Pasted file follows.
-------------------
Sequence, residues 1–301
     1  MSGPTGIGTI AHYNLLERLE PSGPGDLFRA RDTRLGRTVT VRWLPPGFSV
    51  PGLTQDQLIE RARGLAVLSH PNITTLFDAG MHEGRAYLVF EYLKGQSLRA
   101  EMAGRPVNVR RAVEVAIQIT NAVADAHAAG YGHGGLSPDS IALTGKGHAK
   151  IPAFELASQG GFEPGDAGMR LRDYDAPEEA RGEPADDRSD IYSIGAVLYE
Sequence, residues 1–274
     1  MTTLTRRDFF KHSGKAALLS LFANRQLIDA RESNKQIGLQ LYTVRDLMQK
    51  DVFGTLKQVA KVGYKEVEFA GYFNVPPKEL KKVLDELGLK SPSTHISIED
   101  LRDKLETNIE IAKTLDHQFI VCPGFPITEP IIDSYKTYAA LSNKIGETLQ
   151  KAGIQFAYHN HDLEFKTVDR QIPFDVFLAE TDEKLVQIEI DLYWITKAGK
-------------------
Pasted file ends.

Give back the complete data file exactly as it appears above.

Sequence, residues 1–301
     1  MSGPTGIGTI AHYNLLERLE PSGPGDLFRA RDTRLGRTVT VRWLPPGFSV
    51  PGLTQDQLIE RARGLAVLSH PNITTLFDAG MHEGRAYLVF EYLKGQSLRA
   101  EMAGRPVNVR RAVEVAIQIT NAVADAHAAG YGHGGLSPDS IALTGKGHAK
   151  IPAFELASQG GFEPGDAGMR LRDYDAPEEA RGEPADDRSD IYSIGAVLYE
Sequence, residues 1–274
     1  MTTLTRRDFF KHSGKAALLS LFANRQLIDA RESNKQIGLQ LYTVRDLMQK
    51  DVFGTLKQVA KVGYKEVEFA GYFNVPPKEL KKVLDELGLK SPSTHISIED
   101  LRDKLETNIE IAKTLDHQFI VCPGFPITEP IIDSYKTYAA LSNKIGETLQ
   151  KAGIQFAYHN HDLEFKTVDR QIPFDVFLAE TDEKLVQIEI DLYWITKAGK